When it was first announced that Razlan Razali’s RNF Racing MotoGP team would be joining up with Romanian tech company CryptoData for 2023, many thought that the deal was simply a new title sponsorship contract for the squad as it prepared to ditch Yamaha and trade the M1s in for Aprilia RS-GPs.
However, as it soon emerged, the new deal is much more than that. Instead, CryptoData will not just take over the team’s naming rights from former Sepang Circuit boss Razali but in fact take over the team itself, buying into his set-up while leaving him in place as the principal (a condition of the deal believed to have been stipulated by series organiser Dorna).
But that’s a deal that it’s fair to say has been met with confusion by many both inside and out of the MotoGP paddock, asking why a relative newcomer to the worlds of both bike racing and technology is buying into a MotoGP team – and even questioning what exactly it is that CryptoData does, thanks to its somewhat misleading name.
However, according to Ovidiu Toma, the founder of the brand, it’s not as random as it seems, given where his company is trying to position itself and what he believes being a more integrated part of the MotoGP paddock can bring as CryptoData looks to expand.
CryptoData first linked up with MotoGP as a sponsor of the series itself before then moving across to Razali’s team at the end of 2022 following the collapse of the team’s previous partner WithU (and has since appeared on Alfa Romeo-Sauber’s new 2023 F1 car), and Toma said that his introduction to MotoGP convinced him that a bigger investment was worthwhile.
“Probably our biggest hobby is motorsport,” he told The Race. “We considered that we could join our technology with our passion. We started in MotoGP in 2022 with the Grand Prix of Austria, which was our first contract in-house with Dorna.
“We found them to be super supportive – like a family. Apart from some other sports that I won’t name because it’s not fair, I’ve found MotoGP to be more like a nice family rather than a grumpy, sober business.
“We liked it and we wanted to do more than just a title sponsorship [of a race], so we started to talk to the owners. We got to meet Razlan, we got to understand what inside the team as a business looks like, and we had the opportunity to work with him, to become partners and shareholders in the team.”
And while the company’s previous moves into motorsport might have all been via sponsorship and not ownership, former telecommunications engineer Toma said that he believes investing directly will fully allow CryptoData to utilise its own skills to grow the squad in the coming years.
“Our position is as a MotoGP shareholder along with Razlan,” Toma explained to The Race, “and we’ll make some of the management decisions. But we’ll never claim we are that skilled in motorsport either, and the motorsport decisions – the management decisions about bikes, riders, tyres, parts – that will be given and left with those who know it, [team manager] Wilco [Zeelenberg] and Razlan.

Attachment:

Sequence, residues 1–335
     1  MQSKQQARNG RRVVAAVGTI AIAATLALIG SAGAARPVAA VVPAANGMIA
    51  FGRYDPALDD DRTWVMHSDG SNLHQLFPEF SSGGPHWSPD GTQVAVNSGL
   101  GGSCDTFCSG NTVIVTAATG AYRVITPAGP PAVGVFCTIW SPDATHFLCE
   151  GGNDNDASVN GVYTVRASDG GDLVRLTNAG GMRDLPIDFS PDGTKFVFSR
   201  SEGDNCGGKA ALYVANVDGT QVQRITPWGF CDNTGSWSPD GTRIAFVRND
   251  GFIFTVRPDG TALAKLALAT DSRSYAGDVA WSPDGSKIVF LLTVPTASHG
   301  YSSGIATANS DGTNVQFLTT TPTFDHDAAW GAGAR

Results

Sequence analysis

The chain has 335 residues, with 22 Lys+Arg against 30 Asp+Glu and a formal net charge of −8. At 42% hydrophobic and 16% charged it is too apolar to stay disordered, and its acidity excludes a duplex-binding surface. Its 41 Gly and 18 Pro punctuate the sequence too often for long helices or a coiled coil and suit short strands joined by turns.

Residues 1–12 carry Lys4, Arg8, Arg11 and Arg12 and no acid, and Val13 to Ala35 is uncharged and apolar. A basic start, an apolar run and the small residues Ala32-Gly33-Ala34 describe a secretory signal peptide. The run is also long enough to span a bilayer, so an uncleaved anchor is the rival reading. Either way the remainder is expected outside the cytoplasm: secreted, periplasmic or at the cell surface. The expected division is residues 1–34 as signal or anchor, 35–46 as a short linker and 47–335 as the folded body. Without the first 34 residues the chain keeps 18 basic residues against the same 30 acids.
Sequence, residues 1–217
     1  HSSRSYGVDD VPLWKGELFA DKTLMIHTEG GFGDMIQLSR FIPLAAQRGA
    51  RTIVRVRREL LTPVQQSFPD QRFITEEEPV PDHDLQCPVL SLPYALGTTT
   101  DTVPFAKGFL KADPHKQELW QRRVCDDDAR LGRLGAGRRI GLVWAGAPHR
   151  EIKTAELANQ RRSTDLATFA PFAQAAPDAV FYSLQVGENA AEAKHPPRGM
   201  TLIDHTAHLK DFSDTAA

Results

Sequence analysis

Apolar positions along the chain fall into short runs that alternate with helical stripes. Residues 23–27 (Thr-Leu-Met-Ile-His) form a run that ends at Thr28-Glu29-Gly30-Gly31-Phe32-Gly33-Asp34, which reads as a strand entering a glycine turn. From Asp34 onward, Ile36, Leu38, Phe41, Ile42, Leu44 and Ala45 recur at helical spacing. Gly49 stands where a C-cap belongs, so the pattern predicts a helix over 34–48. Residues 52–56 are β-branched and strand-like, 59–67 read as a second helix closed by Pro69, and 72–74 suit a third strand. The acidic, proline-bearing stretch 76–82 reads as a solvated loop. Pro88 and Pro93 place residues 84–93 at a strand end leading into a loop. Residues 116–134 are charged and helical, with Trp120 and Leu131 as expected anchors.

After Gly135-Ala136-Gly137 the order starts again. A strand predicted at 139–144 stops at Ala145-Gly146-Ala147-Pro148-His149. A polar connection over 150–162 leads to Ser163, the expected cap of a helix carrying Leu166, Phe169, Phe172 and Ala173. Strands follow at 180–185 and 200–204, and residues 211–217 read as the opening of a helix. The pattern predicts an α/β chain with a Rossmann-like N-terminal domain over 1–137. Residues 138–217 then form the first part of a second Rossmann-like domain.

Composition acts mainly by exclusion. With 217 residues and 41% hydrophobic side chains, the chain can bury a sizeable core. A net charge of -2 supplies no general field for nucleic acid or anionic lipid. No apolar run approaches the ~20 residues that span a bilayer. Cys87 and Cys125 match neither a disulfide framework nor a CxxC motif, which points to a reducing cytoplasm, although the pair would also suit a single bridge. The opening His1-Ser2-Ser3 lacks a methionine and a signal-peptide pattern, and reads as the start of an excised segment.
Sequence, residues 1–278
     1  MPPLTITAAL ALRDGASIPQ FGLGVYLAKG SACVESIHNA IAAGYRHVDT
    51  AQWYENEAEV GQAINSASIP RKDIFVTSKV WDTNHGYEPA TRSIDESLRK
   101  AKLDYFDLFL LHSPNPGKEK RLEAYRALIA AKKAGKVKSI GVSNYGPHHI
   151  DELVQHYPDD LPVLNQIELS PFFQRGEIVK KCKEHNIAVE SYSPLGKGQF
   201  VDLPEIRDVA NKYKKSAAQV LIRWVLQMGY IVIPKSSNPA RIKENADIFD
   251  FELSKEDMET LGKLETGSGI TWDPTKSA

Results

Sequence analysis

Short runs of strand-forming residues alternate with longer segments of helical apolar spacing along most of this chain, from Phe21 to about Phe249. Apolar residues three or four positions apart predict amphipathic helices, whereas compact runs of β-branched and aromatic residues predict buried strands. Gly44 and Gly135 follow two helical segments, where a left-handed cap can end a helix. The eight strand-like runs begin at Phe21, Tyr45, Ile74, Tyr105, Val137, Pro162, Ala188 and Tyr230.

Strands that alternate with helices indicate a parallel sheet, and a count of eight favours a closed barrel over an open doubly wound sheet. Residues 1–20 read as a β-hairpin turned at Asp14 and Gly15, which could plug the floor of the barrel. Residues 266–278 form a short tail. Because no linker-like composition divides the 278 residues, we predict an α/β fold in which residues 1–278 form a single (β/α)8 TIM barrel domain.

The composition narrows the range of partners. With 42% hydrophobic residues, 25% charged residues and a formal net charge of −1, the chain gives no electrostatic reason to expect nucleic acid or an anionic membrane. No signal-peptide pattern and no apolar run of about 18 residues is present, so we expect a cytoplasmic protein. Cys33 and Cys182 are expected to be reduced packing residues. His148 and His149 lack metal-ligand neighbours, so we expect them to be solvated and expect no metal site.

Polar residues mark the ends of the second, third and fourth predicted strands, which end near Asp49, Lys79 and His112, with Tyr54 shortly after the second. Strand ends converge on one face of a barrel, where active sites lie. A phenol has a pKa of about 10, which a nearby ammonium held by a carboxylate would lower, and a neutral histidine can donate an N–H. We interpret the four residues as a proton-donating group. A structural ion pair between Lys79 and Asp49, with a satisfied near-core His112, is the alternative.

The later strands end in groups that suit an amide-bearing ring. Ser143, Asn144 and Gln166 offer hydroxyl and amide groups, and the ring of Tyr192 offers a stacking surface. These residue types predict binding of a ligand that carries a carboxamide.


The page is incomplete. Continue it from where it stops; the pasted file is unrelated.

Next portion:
“Our approach is on the marketing side. We’re the youngest among the teams in terms of management, and with a younger mindset, with technology and coming from the digital era, that’s where we consider we can improve a lot.
“For results management, for decision-making, for brand awareness, for management. Apart from our business, the MotoGP team is a separate entity, and we have to grow it.
“We have high targets, which is hard in a transition year with new bikes, new riders, new management, and with very competitive other teams. But we have a chance and we want to reach somewhere near the top. I won’t name it because I don’t want to be called optimistic or pessimistic, but we want to be near the top.”
RNF is in a very promising position heading into its first season under the CryptoData banner, with new riders Miguel Oliveira and Raul Fernandez having taken extremely well to the Aprilia bike through pre-season testing.
Beyond investing into MotoGP and attempting to turn the team into a profit-making business, it’s clear CryptoData also sees it as an opportunity to grow its core business, which, despite the name, the company insists has nothing to do with the world of cryptocurrency but instead digital security.
“To make it clear from the very beginning,” Toma stressed, “CryptoData does cryptography not cryptocurrency. That means encryption, cyber security applications, developing software and hardware, building secure enterprise systems. We’re IT guys and not cryptocurrency!
“We first set up the company in 2013, first as a data centre that we then turned into a research and development facility for securing other things.
“Cryptography has become confused with cryptocurrency. That’s a financial application of the cyber security algorithms, and probably the most known, but we took it a different way and are looking how we can implement it in other industries.”